2. Smooth, with no nonsense near the limit. The Taycan is a confidence-inspiring performer, that feels safe without being intrusive, and shows a wild side without needing to be unrefined. Those who believe that an enjoyable track car can’t exist without the ruckus of a screaming exhaust, clunky noises and a tooth-grinding suspension, will probably have their minds changed after driving an EV that has Porsche DNA coursing through its veins.
  3. Combination of electric motor (regen) braking and actual braking (pads and rotors) is quite the dynamic duo in tethering the 5,900 pound Taycan. So effective is the former’s performance, that carbon ceramics would certainly be overkill for the street, while an argument can be also be made for the same (to a lesser degree, of course) on the track. Nevertheless, to squeak out the extra bit of performance in a min-max fashion, PCCB is obviously a required option.
  4. The OEM tires – in my case, Michelin Pilot Sport 4 XL – are a good match for any type of environment, including the track. However, I felt that they were certainly the weak point of the car when it came to high-performance driving and without question, a set of stickier tires such as r-compounds (or these) would have a transformative effect on the experience – as they would in any vehicle transitioning from street tires to track tires. I suspect range would suffer noticeably with the increased grip, though.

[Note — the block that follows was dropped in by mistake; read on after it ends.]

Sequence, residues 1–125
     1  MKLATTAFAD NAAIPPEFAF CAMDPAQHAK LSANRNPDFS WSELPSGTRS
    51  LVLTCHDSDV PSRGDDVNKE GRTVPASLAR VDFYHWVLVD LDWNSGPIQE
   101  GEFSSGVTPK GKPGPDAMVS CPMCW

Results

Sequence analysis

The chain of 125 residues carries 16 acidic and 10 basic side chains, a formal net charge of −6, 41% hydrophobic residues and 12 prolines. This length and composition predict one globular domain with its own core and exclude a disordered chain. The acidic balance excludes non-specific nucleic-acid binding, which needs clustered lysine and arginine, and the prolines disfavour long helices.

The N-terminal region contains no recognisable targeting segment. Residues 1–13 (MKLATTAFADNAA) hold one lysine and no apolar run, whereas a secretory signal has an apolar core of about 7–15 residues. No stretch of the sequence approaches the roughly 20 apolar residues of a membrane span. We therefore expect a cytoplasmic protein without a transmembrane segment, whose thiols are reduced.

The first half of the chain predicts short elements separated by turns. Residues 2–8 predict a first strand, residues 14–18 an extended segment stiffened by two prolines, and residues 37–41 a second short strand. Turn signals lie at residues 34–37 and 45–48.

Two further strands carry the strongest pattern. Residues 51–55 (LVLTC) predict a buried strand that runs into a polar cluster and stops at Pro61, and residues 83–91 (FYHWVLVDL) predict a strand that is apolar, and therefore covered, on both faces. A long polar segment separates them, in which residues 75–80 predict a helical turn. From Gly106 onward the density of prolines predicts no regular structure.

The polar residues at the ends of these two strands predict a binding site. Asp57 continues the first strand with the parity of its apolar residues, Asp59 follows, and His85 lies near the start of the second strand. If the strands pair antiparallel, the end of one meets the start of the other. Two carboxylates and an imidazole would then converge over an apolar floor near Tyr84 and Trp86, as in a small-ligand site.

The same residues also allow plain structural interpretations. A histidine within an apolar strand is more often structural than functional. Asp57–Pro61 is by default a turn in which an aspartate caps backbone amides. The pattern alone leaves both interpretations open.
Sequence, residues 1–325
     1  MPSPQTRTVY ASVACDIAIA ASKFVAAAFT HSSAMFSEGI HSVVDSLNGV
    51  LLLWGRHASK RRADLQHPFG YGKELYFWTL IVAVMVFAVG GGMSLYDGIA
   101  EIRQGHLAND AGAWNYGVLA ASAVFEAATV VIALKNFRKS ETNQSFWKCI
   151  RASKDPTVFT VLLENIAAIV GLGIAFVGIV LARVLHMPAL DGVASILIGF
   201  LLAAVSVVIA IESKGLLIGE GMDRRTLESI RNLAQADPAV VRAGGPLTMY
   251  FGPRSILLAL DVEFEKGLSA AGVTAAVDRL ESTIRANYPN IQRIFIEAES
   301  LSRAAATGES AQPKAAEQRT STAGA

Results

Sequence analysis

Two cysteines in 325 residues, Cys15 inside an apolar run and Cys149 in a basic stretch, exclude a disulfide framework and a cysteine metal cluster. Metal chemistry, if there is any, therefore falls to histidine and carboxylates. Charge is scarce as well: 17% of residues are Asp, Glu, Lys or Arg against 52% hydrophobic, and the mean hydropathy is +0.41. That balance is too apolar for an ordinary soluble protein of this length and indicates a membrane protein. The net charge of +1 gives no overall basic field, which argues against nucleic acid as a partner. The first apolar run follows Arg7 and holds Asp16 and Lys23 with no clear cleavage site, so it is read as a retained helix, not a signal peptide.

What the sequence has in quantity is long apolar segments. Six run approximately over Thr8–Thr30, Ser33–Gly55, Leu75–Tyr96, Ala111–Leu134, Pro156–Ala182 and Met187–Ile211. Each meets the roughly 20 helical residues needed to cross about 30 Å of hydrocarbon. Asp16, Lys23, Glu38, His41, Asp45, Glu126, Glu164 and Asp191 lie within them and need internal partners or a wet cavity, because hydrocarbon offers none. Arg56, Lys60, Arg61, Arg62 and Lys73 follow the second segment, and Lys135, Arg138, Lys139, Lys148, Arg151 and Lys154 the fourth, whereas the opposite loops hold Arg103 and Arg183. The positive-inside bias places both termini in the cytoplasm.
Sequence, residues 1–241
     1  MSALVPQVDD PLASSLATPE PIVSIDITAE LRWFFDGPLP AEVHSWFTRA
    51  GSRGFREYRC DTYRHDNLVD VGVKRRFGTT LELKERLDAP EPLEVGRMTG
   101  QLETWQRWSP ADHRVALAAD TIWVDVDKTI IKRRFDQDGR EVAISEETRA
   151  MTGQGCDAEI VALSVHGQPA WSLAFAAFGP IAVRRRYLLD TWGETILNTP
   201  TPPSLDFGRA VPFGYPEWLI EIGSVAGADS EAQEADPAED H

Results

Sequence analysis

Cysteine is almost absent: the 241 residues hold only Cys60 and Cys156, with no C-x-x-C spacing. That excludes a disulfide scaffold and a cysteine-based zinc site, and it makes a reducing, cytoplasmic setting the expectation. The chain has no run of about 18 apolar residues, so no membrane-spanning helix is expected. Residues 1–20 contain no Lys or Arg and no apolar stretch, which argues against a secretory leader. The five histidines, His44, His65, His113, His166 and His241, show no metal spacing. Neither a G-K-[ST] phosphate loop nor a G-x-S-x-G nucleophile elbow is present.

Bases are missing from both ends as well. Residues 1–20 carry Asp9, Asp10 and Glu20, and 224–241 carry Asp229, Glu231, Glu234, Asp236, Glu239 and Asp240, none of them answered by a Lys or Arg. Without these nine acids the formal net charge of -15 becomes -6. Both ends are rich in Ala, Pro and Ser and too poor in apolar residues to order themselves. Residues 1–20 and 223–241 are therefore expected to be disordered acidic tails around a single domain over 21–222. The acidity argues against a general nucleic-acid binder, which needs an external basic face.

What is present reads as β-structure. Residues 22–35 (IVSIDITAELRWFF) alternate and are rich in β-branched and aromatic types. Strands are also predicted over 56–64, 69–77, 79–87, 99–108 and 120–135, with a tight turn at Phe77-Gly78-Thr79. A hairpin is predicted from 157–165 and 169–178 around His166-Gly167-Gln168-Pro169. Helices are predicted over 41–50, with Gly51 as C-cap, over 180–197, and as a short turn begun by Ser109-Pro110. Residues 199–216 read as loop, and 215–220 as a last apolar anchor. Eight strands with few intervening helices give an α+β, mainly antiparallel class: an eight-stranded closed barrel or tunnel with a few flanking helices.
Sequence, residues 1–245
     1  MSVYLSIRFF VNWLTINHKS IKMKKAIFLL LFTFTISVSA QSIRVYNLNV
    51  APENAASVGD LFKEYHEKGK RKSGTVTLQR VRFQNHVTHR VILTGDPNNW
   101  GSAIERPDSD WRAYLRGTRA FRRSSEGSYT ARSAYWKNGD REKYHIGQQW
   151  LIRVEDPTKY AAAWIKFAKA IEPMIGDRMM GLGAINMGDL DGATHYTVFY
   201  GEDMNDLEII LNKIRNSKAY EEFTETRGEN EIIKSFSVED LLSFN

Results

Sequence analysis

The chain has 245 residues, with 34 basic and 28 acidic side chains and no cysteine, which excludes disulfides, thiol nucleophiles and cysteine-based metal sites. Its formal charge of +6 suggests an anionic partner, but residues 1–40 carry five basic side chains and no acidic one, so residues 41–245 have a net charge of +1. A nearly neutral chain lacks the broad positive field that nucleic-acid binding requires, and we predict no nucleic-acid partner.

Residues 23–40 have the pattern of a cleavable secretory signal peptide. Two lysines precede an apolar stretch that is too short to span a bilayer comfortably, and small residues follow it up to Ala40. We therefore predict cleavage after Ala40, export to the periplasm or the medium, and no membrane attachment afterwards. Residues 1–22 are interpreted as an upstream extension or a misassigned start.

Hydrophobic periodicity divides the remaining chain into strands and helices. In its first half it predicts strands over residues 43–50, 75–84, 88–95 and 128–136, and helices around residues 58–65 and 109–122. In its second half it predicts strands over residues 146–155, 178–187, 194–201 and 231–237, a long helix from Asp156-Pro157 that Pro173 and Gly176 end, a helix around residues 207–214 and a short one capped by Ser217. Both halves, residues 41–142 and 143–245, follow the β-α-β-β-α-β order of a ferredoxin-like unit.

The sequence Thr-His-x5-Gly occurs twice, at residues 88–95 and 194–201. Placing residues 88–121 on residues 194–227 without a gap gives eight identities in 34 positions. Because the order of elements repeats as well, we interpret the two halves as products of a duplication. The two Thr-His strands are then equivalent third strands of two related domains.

5. PTV Plus and Rear Axle Steering (which came as part of the optional Performance Package) help rotate the car in ways that would initially be thought of as impossible for a 6,000 + pound machine (including driver), even with its uniquely low center of gravity in play. At your command is a level of precision and agility you would normally expect from cars which are mechanically much more nimble. Yes, electronics are at play here to make it possible for the Taycan to provide its “just point and go” capabilities, but as with any Porsche these days the car is remarkably tactile and driver centric.

General Thoughts

I particularly found the Taycan to be the most fun to drive through the tighter and twisty-er lower speed turns / quick transitions. Perhaps an initial expectation that the car would struggle more in these areas – than it would in the faster and longer sweeping turns – played a factor in this. Both because of its size, and also in spite of it, I feel the car really excelled and surprised me with its agility and responsiveness in these situations. It was a true display of Porsche’s engineering prowess, even across an entirely new platform.